Chronic Obstructive Pulmonary Disease (COPD) is commonly used as an umbrella term to represent a specific type of progressive disease for the lungs. These are inclusive of diseases such as Emphysema, refractory asthma, chronic bronchitis, and other forms that relate to medical conditions of bronchiectasis. One of the major indications of having COPD is suggested through the apparent condition in which an individual suffers an alarming rate of being breathless. Presently, COPD has become one of the leading issues in the health sector and is categorized and ranked to be the fourth deadliest causes of death in the United States. The leading causes of COPD, with the identification of the symptoms according to each type, causes, and diagnosing a treatment will be discussed in the further topic.
For years, researchers have been looking into the commonly occurring causes of Chronic Obstructive Pulmonary Disease. Numerous researchers have been conducted into identifying the common grounds for elements that influence this, environmental factors or habits. Being one of the highest death reasons found in the United States, and becoming a leading concern for the HealthCare and Medical Science field.
A leading study into the causes of COPD has identified smoking to be one of the chief reasons for it. The findings of the study revealed that around 40-70% of cases found for COPD normally accelerate with the effects being influenced to stages that exhibit symptoms of dysfunctions of cilia, increased inflammation, and injury caused due to oxidation. Other common sources for COPD are related to heightened pollution levels in the air or occupational exposure to such environments. An important factor in the case of the pathogenesis of COPD is associated with increased levels of oxidative stress, causing an imbalance of anti-proteinases and proteinases.
Chronic Obstructive Pulmonary Disease (COPD) is implied as the symbolic representation of an umbrella that encompasses two sub-types under it i.e. Chronic Bronchitis and Emphysema. Chronic Bronchitis is identified through the symptoms of an individual developing a long-term cough with mucus being shown in it. Emphysema, in comparison to Chronic Bronchitis, exhibits symptoms with gradually increasing damage to lungs examined over time.
The observed causes of Chronic Obstructive Pulmonary Disease are related to the actual and generalized issue of an individual being exposed to high levels of irritants found excessively in areas with air pollution. Commonly noticed issues are industrial exposures exposing a person to chemical fumes and industrialized clouds of dust (Halbert 2006). Another common issue is preterm birth which eventually leads to lungs being damaged over time. Inherited genes are another cause of this as well.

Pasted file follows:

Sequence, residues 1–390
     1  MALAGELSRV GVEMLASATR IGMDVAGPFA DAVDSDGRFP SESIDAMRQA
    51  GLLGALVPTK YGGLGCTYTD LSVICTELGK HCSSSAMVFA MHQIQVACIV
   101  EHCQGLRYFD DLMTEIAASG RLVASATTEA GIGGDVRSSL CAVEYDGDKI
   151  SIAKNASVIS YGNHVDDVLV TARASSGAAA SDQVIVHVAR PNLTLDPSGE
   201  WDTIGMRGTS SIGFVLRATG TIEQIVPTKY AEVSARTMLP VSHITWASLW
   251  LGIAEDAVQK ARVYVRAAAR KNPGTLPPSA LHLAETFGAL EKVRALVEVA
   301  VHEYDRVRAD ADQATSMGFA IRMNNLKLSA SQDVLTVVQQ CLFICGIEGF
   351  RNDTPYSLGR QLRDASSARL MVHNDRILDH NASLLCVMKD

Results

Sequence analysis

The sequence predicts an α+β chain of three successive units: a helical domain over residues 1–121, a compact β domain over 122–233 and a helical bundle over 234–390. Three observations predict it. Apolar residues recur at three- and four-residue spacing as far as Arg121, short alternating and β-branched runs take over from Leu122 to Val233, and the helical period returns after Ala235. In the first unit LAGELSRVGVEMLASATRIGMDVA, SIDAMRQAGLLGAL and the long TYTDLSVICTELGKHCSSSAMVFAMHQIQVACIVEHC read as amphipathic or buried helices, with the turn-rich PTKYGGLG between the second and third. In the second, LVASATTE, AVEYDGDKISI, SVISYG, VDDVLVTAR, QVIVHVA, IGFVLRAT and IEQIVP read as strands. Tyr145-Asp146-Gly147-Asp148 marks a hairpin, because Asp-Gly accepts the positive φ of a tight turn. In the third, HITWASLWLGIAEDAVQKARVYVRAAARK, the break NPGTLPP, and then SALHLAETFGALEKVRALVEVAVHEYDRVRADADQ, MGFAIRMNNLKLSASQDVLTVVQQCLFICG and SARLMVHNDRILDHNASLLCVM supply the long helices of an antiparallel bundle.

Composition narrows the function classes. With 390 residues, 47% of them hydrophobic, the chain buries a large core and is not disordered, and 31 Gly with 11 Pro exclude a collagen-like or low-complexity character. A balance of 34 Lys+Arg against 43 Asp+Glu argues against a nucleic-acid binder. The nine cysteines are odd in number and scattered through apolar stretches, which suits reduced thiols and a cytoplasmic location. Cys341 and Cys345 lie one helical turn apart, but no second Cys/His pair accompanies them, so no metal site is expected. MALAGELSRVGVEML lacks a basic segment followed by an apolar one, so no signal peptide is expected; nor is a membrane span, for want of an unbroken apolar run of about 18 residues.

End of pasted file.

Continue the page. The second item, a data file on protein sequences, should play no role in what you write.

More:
To properly diagnosis treatment for COPD, it is necessary for the doctor to properly evaluate the patient to identify and compare the apparent symptoms with that seen in COPD. The doctor normally evaluates this through a series of questions to help them identify the symptoms, a proper analysis of the patient’s health history, and medical records and conducting a series of exams to see the extent of the symptoms (Celli et al., 2004). Spirometry is normally the ideal way through which COPD and is quite useful for locating it before it either spreads further or before it develops.
There are numerous factors that give birth to Chronic Obstructive Pulmonary Disease, while it is a general term used to define two sub-types of it such as Chronic Bronchitis and Emphysema. Each type bearing different symptoms and causes has a properly identified diagnosis and treatment for it. Spirometry is normally the ideal way through which COPD and is quite useful for locating it. Developing an understanding and an awareness of the disease and its leading causes is crucial for clarifying the essentials of bringing about a change in the environment.
Celli, B. R., MacNee, W. A. T. S., Agusti, A. A. T. S., Anzueto, A., Berg, B., Buist, A. S., … & Fein, A. (2004). Standards for the diagnosis and treatment of patients with COPD: a summary of the ATS/ERS position paper. European Respiratory Journal, 23(6), 932-946.
Halbert, R. J., Natoli, J. L., Gano, A., Badamgarav, E., Buist, A. S., & Mannino, D. M. (2006). Global burden of COPD: systematic review and meta-analysis. European Respiratory Journal, 28(3), 523-532.